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Branch vs. Subsidiary in Cuba

Branch vs. Subsidiary in Cuba

According to the Law No. 118 (Foreign Investment Act) from 2014, upon the registration of a company in the Business Register, foreign investors can settle inside the Cuban national territory as legal entities  by opening a Cuban subsidiary office of a foreign company and by setting up a branch of a foreign business. 

So, what are the main differences between a branch vs. subsidiary in Cuba? Firstly, let us take a look at what each of these entities mean.

What is a branch office?

The main difference between a branch vs. a subsidiary in Cuba is that a branch office is a location, different from the main office, where business is undertaken. The majority of branch offices consist of smaller divisions of various aspects of the business like human resources, accounting, marketing and so on. A branch office usually has a branch manager who reports directly to, and takes directions from, a management member of the main office.

Criteria for opening a branch office in Cuba

The main criteria required in order to open a branch in Cuba are:

•    A social capital of the foreign business of minimum USD 50,000;
•    The company must have been registered in its country of origin for at least five years prior to the date of registration in Cuba;
•    The business must have been doing business in Cuba for minimum three consecutive years before attempting to open the branch office; and
•    The business must present an annual business volume with Cuban entities or agencies of minimum USD 500,000. 

Our Cuban lawyers can provide more details on the benefits of opening a branch office in Cuba.

What is a subsidiary?

subsidiary represents a company whose voting shares are owned with more than 50% by another company, generally referred to as the holding or the parent company. It is a company which is partially or entirely owned by another company which holds controlling interest in the subsidiary. If the parent company has a subsidiary in a foreign country, the subsidiary company has to abide by the legislation of the country where the subsidiary activates. The parent company still carries the financials on its books of the foreign subsidiary. As about liability, taxation and regulation, subsidiaries represent distinct legal entities.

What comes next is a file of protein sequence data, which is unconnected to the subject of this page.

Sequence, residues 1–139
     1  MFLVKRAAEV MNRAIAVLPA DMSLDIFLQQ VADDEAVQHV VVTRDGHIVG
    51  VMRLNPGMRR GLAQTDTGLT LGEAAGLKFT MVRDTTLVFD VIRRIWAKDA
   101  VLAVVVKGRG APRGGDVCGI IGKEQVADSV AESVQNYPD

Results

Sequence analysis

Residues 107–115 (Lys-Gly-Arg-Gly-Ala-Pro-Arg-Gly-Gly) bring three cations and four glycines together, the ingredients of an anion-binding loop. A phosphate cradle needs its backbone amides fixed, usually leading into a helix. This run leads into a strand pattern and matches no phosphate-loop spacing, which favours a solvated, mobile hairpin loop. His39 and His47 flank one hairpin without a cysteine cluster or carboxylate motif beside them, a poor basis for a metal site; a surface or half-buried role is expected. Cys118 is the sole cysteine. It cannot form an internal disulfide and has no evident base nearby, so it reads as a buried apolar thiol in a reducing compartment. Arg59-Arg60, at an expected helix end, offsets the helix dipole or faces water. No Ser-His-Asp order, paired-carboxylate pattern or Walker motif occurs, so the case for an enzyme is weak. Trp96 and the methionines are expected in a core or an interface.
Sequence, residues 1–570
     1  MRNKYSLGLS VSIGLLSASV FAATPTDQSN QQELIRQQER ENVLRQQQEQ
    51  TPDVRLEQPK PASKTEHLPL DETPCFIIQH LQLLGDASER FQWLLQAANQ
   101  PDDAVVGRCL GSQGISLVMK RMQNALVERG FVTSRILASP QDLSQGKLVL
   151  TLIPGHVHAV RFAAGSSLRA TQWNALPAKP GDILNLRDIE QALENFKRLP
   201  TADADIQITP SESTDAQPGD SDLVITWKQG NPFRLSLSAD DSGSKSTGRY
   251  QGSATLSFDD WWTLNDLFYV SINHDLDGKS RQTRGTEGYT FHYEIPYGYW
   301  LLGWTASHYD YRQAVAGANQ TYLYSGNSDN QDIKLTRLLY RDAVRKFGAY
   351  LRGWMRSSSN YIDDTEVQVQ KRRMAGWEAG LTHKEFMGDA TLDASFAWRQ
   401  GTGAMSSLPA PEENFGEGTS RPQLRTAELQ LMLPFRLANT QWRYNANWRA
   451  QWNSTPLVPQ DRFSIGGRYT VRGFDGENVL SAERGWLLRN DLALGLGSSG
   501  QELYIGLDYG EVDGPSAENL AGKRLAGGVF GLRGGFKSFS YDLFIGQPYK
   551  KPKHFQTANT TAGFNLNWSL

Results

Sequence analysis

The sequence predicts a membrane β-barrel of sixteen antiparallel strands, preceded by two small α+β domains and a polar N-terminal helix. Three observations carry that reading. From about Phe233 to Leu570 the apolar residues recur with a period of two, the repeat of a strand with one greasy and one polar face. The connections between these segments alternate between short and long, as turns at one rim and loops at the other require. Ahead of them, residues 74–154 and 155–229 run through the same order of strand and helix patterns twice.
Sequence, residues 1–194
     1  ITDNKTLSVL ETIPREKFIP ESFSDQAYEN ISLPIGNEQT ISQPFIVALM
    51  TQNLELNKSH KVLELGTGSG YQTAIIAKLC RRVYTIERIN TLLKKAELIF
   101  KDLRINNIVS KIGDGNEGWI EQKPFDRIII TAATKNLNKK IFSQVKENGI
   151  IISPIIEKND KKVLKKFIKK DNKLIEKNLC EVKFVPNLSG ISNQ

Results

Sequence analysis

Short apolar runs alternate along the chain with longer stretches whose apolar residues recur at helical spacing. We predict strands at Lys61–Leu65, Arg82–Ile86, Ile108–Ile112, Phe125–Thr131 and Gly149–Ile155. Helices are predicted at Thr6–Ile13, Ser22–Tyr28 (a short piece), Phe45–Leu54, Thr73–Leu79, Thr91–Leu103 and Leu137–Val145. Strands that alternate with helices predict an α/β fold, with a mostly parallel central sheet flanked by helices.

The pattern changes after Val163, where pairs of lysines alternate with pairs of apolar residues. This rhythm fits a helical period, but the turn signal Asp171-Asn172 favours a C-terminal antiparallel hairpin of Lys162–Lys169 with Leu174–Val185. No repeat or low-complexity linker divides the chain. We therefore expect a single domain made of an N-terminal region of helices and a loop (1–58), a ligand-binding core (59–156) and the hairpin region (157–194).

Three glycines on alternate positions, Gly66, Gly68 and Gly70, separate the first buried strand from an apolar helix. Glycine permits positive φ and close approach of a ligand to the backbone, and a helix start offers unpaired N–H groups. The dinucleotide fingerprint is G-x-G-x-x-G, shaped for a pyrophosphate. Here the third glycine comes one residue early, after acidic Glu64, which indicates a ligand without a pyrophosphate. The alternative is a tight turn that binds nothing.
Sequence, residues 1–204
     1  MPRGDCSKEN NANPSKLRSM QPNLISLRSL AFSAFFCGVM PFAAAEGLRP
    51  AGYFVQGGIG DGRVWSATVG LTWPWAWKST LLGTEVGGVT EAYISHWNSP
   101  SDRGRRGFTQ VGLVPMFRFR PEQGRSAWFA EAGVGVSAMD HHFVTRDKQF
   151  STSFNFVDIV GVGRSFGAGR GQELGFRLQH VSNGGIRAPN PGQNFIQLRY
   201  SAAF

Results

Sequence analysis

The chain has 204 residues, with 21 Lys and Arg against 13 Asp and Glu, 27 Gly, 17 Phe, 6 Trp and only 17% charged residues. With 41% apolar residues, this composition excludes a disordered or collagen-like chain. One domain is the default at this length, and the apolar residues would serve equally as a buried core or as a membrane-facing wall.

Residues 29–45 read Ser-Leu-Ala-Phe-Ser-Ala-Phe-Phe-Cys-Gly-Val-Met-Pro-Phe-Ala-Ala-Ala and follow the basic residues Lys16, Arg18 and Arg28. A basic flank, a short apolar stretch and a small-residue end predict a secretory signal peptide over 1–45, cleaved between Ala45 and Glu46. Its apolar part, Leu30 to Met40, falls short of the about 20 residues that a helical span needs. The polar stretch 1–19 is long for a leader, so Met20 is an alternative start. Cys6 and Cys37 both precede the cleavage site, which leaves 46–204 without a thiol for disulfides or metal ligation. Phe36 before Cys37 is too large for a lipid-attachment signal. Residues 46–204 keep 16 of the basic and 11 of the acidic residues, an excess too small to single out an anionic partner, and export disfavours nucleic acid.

Rights of a Cuban subsidiary office

The foreign investor or company which opens the subsidiary in Cuba has the right to:

•    manage the subsidiary;
•    enjoy all rights resulting from managing the subsidiary;
•    is liable for all the obligations according to the Authorization;
•    open representations, offices, branches and subsidiaries in Cuba as well as abroad;
•    have interests in businesses abroad. Our attorneys in Cuba can give you further details on this matter.

Differences between a branch and a subsidiary office

If we were to make an evaluation of a branch vs. a subsidiary in Cuba, it is important to note that the branch office is not a separate legal entity, with gains, losses and taxation which are supported by the head office, while the subsidiary office is a separate legal entity and, even though parent and subsidiary companies are not taxed separately, the after-tax gains of subsidiaries go to the shareholders who own the shares in the form of dividend distribution. Generally, the subsidiary can take advantage of more local governmental tax incentives and other business benefits. If the parent company incurred losses in its early stages of activity, then the branch could be a more favorable option because it reduces the tax burden of the company.

If you wish to know more information on the branch vs. subsidiary comparison in Cuba, please contact us.